Monday, January 20, 2020

How an Award-Winning Teacher Turned Principal Transformed Bennett Elementary

I like to see news about Bennett Elementary out there and especially if it's good news. This time about the current principal of Bennett School from March 2019:
Today Principal Teresa Huggins takes pride in her successful turnaround of Roseland’s Bennett Elementary. Since she took the helm in 2013, Bennett has transformed from a school on probation to a school at the top of the district’s accountability ratings. It’s one of 22 neighborhood elementary schools on the South and West sides of Chicago where students are showing high growth on the NWEA MAP test.
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Huggins’ role in Bennett’s turnaround sounds similar to successful turnaround stories I’ve heard from other principals over the years. When she arrived, she made a point of observing without trying to make big changes right away. “When you come in and try changing everything at once, you rub people the wrong way,” she observed. But once she had the lay of the land, she was unafraid to push for improvement. She insisted on basics like grade-level meetings, teachers showing up on time and taking a hard look at what test score data said about how well students were learning. To increase student engagement, she coupled a behavior reward system with a requirement that teachers schedule quarterly field trips to give students wider experiences beyond the classroom.

To no one’s surprise, teachers pushed back. When Huggins put up data charts by classroom and named the teachers, she received emails complaining, “You cannot call us out.” She emailed the entire staff, reminding them that since they work for the public they must answer to the public. “I didn’t get any more complaints after that,” she said.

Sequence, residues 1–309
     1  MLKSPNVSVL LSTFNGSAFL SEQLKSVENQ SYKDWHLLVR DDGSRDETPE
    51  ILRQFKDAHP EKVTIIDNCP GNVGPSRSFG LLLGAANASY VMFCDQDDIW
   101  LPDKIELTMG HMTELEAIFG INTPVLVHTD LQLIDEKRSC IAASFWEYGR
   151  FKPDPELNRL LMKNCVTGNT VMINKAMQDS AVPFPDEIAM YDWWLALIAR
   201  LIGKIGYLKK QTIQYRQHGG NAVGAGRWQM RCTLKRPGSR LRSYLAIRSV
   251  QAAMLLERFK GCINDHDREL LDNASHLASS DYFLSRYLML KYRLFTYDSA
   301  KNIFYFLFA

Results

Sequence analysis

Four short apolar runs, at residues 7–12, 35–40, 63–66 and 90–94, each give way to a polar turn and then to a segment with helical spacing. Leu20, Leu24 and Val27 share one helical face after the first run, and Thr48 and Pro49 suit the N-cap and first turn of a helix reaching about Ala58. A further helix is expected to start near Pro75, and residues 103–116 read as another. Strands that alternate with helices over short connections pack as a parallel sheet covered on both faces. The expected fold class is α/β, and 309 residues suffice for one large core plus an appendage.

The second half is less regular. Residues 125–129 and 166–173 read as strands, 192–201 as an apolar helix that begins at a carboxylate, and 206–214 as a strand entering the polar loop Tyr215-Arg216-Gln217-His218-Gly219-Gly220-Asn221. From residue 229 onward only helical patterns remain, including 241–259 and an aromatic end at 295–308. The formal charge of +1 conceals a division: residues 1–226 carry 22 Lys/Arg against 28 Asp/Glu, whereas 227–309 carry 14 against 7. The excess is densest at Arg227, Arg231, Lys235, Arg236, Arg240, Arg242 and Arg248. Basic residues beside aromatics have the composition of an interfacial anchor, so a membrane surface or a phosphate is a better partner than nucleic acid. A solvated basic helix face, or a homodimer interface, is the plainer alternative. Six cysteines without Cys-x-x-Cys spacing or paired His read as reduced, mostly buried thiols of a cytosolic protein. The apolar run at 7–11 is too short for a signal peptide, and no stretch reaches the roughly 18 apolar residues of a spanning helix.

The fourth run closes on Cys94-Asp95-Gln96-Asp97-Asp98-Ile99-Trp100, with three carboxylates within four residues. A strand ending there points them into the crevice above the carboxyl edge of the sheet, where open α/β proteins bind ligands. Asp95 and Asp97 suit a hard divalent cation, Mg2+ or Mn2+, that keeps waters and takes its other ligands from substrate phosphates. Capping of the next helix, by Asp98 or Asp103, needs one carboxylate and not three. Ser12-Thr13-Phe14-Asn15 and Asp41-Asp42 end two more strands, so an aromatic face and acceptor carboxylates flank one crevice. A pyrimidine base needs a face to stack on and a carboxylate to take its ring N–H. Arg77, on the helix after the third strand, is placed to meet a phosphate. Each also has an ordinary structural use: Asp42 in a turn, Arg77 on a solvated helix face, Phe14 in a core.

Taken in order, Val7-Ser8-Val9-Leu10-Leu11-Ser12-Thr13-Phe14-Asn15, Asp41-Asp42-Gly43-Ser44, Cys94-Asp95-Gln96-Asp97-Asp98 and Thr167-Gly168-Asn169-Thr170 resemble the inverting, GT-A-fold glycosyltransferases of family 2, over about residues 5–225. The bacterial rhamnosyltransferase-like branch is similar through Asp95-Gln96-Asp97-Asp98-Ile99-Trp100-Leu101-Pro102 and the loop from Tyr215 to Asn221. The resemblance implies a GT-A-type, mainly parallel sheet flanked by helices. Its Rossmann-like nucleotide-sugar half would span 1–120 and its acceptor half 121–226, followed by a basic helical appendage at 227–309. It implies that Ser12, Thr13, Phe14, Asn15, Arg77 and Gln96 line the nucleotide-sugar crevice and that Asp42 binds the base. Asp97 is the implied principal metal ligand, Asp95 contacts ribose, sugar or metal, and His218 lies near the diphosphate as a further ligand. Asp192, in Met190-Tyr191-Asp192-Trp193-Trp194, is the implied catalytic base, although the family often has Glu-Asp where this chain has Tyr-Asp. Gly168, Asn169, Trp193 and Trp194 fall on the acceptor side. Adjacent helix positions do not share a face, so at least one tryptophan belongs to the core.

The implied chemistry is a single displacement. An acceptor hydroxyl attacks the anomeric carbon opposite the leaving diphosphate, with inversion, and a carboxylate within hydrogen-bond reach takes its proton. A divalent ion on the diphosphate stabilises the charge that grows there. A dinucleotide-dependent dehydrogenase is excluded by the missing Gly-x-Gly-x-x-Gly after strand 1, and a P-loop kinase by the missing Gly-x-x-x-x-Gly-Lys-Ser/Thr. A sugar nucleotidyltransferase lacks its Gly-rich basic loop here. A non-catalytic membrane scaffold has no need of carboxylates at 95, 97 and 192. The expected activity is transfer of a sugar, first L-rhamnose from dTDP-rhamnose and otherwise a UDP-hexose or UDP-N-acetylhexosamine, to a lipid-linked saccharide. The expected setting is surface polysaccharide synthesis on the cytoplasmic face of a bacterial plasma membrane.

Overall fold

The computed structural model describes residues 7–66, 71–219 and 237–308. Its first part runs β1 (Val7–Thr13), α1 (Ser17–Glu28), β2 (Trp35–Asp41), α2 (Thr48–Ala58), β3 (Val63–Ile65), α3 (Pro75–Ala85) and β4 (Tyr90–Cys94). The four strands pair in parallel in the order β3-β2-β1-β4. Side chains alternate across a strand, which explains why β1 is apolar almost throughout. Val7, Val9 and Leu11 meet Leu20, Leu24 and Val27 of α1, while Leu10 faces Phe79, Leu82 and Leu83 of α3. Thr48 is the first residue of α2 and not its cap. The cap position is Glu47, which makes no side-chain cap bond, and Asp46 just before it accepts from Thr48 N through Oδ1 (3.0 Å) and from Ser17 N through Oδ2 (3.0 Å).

Teachers started bringing student work to grade level meetings. Huggins encouraged them to ask themselves questions straight from the National Board playbook: What is the student’s level of understanding? How do you know? What are your next steps as a teacher? Huggins also worked to improve teaching and learning for the 15 percent of Bennett’s students in special education, pushing for greater inclusion and revising IEPs. In her second year as principal, their growth led all the schools in Bennett’s network.

When teachers stepped up their game, Bennett rewarded their efforts with special events, like dinner at a restaurant for the entire faculty on her during staff appreciation week. These days, teachers have built a stronger culture, with a social committee that celebrates birthdays and more teachers staying late after school to plan and prepare. “Sometimes I have to put them out,” she joked.
If I may offer some commentary, elementary school I think is too soon for students to think about being college bound....